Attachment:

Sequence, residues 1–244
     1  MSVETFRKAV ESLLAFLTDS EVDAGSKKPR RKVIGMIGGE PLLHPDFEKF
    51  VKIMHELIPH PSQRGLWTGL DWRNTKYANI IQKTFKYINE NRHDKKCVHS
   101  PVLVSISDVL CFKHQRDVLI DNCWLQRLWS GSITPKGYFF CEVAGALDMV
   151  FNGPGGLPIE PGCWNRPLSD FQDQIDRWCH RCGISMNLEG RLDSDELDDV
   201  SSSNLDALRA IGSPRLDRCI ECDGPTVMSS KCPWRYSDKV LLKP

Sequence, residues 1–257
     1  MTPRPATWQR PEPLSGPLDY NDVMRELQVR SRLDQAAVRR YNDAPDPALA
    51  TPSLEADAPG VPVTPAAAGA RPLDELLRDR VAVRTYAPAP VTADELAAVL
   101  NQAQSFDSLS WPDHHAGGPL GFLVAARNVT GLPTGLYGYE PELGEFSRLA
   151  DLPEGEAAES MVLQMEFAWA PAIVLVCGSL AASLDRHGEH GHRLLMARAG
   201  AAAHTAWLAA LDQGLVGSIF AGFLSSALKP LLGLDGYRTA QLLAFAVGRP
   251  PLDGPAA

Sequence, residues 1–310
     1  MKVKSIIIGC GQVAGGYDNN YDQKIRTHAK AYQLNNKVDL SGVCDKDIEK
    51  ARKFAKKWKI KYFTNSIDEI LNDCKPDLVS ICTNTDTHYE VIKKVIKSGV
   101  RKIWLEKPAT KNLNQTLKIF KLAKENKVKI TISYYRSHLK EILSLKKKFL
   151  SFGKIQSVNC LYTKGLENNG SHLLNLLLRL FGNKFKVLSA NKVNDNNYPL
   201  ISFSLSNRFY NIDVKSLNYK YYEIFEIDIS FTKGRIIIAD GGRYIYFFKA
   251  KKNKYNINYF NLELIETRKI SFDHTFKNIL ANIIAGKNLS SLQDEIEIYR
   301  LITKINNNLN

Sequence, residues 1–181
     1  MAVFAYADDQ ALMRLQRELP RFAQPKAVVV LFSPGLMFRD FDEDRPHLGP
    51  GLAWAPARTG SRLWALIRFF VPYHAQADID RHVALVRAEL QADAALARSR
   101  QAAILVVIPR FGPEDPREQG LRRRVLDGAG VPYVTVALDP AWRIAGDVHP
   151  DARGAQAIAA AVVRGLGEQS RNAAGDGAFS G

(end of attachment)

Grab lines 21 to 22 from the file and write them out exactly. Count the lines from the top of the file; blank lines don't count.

   301  LITKINNNLN

Sequence, residues 1–181